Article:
Sunday, 13 April 2014

Frugal Family Fun

During our last visit to my mum's in late March the weather was stunning.  It felt like a lovely long hug; the suns rays comforting and caressing all weiry-ness away.  And there has been a need of comforting in these parts over the past couple weeks.  Little Lady has been ever so poorly and I'm a little jaded.  Anyhow, a little sunshine did us all the world of good.  Bring on the sunshine this spring!

My heart did swell with contentment to see my children playing in the same village park that I did as a child.  Little Lady initially wanted to stay behind and was persuaded to join in with the boys.  Over 3 and a half hours later they returned elated after frizbee, skipping, swinging, football - "I'd forgotten how fun the park is Mummy!" she exclaimed.


It struck me that this has been the first year we've been unable to visit any parks during the winter months for this type of play.  Yes, they've ridden bikes or we've done a brisk shot of exercise.  But not the careless enjoyment of childhood such as they did that Saturday.  Our weather has been so bad this winter but it only takes a good few hours of sunshine to reignite those feelings of joy in the outdoors.


The following day - while the hubby did some chores, the children requested the park again.  We enjoyed another 3 hours of play - soaking up the spring sunshine.  I wandered around the perimeter of the field - searching for 'treasure'.  The Littlie's joined me - we found all sorts of different objects and examined the textures and shapes that nature had to offer.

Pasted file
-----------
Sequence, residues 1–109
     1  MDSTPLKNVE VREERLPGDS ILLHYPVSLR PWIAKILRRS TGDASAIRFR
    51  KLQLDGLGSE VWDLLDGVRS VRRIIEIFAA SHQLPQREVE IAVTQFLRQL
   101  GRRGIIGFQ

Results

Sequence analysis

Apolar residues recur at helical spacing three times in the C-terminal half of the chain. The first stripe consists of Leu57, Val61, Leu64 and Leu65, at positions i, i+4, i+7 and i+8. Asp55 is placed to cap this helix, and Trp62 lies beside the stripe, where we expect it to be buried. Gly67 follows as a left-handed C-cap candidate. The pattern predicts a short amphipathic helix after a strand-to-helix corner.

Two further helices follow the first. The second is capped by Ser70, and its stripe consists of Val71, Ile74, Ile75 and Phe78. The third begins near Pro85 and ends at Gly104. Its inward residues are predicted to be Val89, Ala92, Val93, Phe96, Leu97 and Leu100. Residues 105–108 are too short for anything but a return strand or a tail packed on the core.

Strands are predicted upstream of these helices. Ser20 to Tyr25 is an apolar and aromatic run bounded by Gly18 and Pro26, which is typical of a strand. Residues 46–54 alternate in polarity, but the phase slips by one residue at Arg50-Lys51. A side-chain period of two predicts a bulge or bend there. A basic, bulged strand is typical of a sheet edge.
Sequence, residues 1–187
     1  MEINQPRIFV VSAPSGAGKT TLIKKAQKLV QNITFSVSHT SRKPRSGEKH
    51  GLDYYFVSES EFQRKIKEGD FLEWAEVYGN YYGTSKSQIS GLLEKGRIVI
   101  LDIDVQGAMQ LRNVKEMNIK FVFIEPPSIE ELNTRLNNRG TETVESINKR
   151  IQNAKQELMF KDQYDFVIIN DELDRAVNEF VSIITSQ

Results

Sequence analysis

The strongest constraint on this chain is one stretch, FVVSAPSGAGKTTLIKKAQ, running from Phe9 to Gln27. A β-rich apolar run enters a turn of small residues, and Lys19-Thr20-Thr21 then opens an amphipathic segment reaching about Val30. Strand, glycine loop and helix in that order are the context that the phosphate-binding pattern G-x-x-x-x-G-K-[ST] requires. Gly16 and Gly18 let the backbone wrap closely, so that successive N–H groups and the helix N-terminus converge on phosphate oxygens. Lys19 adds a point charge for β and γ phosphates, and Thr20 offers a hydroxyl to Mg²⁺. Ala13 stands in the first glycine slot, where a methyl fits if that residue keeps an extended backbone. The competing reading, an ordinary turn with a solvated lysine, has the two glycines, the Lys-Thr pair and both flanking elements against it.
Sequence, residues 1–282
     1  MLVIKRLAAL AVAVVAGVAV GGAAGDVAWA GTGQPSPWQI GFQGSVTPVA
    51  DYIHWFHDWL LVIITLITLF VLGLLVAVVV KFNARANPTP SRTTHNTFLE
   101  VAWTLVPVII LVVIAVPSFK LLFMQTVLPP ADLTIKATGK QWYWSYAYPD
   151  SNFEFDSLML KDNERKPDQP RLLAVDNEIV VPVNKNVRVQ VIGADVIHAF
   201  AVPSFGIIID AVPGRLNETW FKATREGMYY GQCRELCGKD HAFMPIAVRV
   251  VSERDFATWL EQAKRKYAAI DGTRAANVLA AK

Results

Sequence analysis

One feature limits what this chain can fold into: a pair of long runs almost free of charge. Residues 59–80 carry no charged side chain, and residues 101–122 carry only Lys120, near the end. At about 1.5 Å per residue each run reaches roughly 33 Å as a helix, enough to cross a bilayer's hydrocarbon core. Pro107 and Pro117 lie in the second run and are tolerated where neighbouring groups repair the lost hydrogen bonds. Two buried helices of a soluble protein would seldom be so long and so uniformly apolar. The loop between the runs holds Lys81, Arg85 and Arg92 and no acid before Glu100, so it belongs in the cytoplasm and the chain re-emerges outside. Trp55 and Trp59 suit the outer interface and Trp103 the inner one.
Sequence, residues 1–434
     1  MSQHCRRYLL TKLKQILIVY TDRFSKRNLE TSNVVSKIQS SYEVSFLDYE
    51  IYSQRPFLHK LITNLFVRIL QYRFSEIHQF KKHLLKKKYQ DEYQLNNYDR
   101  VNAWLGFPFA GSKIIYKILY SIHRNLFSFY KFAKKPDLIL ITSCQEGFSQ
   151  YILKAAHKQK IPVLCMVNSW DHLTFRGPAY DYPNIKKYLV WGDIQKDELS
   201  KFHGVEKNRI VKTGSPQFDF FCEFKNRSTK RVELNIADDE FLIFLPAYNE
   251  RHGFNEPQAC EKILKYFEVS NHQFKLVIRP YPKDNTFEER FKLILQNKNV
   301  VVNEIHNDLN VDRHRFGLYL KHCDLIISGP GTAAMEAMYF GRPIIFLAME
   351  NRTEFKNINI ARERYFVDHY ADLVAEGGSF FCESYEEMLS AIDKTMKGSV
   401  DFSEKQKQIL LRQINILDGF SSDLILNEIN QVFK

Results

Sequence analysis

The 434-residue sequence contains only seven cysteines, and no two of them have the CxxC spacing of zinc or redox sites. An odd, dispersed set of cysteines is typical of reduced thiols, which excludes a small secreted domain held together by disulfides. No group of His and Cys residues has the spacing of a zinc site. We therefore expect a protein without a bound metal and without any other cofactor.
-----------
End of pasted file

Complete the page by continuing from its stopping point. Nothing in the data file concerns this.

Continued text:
We made camps by the river; specifically squirrel camps (including swings and nut stores) and they swung from plaited vines.  Pure simplicity.  I love this type of play.


Little Lady expressed it so clearly - "You play differently Mummy - you and Daddy.  It's good, it's different".


Whilst I can no longer run to play football or chase to play tag - this is fulfilled by their Daddy.  I can nurture the softer appreciation of nature and wildlife.  Both complementing each other.  Both good for our children, good for our souls.  I love this park and I feel close to my late Father here.  It was lovely to see my children enjoy the park so much and to see the cycle of life play out before us.  Such happy contentment, which among a couple weeks of illness was a welcome reminder that the natural rhythm of life seems to flow in highs and lows and the highs do come again.